Writers Conferences: How to Make the Most of It

Summer or spring time seems to be the time for writer conferences. Writers conferences are not only a treat but a great opportunity to network, get inspired and refreshed, and of course pitch your ideas to editors and agents. I have attended writer conferences for years, been involved in organizing it, and when I was an acquisitions for Ooligan Press, I had the opportunity to hear pitches and be on the other side of reading queries and going through the slush pile. Of course you want to make the most of it since you took time off work and spending your time and money on the event. Here are some of my tips or advice for your next conference.

1. Remember to smile, laugh, and enjoy yourself. Don’t take it too seriously. Relax and have fun. If you aren’t seeing it as a personal treat, then what’s the point? A writer conference is like a watering hole where you can not only get refreshed with fresh ideas but also a place to meet other members of the literati species. A writers conference isn’t stuffy. Go have drinks, catch up, and knock yourself out (no pun intended).

2.  Have a strategy. On the other extreme, don’t be too lax either. A conference is a great opportunity to network and receive valuable advice. I’m not pitching this year, since I’m working on the first draft of my novel. I took sessions on writing,  specifically plot, since I wanted to get some fresh input. My novel-in-progress has some plot issues that I want to address.
I also wanted to mix it up. Taking 5 sessions in a row about plot can be overwhelming and I’m not making the most of it with a tunnel vision. I took a couple of other sessions on the business side of things such as promotion and marketing. My goal was to meet people and exchange cards. I wanted to meet and make meaningful connection with at least 2 presenters, 2 agents or editors, 2 conference volunteers or Grubstreet staff, and 4, other attendees. I did it. Also, read up about your presenters and come up with questions.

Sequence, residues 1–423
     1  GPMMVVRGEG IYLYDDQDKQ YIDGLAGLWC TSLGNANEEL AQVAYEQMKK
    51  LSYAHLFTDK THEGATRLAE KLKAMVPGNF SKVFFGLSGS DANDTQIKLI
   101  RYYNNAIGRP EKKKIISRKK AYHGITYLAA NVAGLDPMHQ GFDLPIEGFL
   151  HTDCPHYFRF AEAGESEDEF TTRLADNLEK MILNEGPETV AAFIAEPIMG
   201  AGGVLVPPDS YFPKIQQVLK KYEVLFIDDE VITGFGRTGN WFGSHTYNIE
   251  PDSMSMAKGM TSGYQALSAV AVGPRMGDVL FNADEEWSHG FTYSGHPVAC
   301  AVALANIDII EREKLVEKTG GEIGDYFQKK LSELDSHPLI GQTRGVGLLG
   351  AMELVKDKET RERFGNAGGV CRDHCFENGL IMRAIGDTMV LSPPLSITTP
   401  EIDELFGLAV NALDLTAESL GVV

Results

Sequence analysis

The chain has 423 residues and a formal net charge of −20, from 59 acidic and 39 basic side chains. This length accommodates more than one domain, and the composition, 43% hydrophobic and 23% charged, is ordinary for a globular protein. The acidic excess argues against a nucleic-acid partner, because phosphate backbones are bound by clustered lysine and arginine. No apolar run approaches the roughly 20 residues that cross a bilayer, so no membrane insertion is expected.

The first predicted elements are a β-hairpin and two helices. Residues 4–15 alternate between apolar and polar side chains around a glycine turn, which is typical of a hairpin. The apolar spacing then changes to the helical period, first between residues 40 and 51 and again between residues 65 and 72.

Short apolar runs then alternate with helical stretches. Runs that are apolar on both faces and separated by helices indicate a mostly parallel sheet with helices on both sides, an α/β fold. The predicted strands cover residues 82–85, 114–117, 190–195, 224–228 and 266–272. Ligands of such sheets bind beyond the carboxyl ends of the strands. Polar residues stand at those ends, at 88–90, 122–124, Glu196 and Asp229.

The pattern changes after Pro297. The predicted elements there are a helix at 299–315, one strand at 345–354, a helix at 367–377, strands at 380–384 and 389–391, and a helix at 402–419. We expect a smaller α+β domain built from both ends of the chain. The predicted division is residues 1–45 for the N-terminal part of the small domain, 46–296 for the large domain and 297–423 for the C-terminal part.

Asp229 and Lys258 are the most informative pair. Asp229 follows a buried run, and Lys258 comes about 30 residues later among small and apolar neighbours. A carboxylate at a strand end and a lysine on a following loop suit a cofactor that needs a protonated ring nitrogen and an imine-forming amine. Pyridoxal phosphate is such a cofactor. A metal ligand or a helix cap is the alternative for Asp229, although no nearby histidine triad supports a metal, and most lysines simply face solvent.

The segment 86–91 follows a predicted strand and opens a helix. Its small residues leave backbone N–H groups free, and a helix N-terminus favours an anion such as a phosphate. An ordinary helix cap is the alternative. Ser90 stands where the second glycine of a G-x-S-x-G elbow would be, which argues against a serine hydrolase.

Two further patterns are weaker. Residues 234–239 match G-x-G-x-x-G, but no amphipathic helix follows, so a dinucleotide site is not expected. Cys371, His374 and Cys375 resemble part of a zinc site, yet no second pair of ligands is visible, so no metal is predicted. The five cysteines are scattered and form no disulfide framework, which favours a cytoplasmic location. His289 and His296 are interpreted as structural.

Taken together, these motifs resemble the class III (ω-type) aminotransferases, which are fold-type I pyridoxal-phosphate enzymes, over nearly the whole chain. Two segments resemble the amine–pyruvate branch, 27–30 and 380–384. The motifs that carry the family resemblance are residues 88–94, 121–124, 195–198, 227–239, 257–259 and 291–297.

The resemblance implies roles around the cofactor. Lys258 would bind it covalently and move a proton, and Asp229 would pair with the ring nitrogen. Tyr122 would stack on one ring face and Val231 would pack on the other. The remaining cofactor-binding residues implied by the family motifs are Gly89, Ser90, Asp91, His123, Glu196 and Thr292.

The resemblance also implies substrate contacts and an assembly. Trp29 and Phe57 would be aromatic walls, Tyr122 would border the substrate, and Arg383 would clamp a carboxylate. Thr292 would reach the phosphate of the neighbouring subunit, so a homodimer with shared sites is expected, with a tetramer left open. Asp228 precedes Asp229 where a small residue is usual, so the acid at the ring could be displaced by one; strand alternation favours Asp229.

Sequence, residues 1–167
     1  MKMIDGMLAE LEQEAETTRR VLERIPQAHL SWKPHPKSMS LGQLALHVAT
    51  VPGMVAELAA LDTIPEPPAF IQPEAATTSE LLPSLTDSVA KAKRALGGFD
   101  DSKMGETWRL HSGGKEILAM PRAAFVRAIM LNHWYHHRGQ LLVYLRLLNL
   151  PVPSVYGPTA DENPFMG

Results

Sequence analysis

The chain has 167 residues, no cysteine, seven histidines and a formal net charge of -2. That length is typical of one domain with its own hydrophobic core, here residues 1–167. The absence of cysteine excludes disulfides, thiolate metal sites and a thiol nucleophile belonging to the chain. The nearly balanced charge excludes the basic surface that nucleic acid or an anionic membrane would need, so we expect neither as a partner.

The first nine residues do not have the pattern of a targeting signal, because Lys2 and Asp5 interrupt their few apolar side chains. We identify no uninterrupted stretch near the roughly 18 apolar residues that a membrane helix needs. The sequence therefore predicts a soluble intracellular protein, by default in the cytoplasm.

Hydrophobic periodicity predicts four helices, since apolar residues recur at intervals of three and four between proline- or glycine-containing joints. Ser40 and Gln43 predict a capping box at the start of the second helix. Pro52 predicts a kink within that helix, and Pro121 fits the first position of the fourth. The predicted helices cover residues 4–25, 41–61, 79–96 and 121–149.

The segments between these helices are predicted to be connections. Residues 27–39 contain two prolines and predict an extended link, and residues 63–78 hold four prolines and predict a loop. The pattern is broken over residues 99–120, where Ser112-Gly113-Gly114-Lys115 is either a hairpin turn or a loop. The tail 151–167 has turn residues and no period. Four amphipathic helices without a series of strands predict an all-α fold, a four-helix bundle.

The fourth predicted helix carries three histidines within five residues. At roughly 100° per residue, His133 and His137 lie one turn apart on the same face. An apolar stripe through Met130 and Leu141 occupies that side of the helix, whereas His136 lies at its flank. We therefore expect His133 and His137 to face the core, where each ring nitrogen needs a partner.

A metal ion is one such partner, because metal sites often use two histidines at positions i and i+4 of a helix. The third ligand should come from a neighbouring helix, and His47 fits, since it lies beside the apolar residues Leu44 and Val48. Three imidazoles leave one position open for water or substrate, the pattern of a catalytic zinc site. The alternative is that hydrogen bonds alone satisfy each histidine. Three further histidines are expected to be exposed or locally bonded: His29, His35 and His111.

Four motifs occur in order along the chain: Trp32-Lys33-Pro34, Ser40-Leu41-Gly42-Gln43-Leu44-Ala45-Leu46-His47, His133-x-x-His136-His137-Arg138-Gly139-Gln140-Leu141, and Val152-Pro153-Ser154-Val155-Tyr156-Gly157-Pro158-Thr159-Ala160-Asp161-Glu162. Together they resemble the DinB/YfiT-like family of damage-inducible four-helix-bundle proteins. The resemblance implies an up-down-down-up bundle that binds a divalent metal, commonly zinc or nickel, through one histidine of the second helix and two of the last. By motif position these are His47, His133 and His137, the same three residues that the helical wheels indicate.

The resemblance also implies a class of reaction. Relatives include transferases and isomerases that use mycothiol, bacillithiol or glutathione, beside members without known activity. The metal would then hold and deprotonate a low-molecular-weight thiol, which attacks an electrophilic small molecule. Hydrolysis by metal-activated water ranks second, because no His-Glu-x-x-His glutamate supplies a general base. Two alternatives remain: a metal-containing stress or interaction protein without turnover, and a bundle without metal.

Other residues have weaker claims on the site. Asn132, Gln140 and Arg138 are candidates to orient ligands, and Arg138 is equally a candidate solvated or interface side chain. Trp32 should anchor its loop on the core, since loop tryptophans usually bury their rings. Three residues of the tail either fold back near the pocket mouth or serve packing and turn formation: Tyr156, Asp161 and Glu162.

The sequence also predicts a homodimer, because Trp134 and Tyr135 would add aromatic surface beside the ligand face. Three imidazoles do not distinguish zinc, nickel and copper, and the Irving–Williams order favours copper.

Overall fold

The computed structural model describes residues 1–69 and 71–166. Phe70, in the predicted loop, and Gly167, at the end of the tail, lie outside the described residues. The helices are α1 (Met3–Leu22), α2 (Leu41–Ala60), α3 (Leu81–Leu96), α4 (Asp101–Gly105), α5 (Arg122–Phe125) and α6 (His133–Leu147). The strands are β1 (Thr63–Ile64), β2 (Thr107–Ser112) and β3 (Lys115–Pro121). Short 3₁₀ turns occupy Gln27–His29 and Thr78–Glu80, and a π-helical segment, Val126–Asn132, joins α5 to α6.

3. P is for professionalism. As a writer, you are a creative entrepreneur. Be professional in how you dress and carry yourself. You don’t need a suit or interview outfits—even in Boston. It’s casual but professional. That means yoga pants and ripped jeans are out. There are people interpret causal as right-out-of-the-bed look. Don’t be a slob. Be yourself but appear presentable. You can get creative. I always remember one woman who rocked vintage hats. And, if you have tattoos and sport a Rockabilly look. And, if you are stuck in the 90s grunge trend, you can go for it too, I guess. Neat, clean, washed hair and clothes are a must. Greasy hair is one of my personal pet peeves and grosses me out. Dry shampoo is the greatest invention of our century and it’s my lifesaver. Be polite, professional, and positive in your conversations. Don’t bad mouth or speak negatively about someone. After all, who likes negative people? Negativity will bite you back. So will strange behavior. Here’s a story. Years ago when I was a volunteer at a writer’s organization and at our event, there was one one male attendee was constantly flirting with almost every young 20-something woman he encountered with the exact same pickup line. We were all laughing about him in the break room. He wasn’t too creepy about it, just making a fool out of himself. Be smart about meeting a date and don’t be that guy. Years ago, there was this fine film producer who showed up and I happened to be a timekeeper at a film script pitch session. I struck up a conversation with him and asked him about his job and questions. I didn’t think he was interested. Or maybe he had a girlfriend back in San Francisco. At least, I made my presence known. I left it there. Last tip, mind your Ps and Qs too cuz you don’t want to be known for boozing it.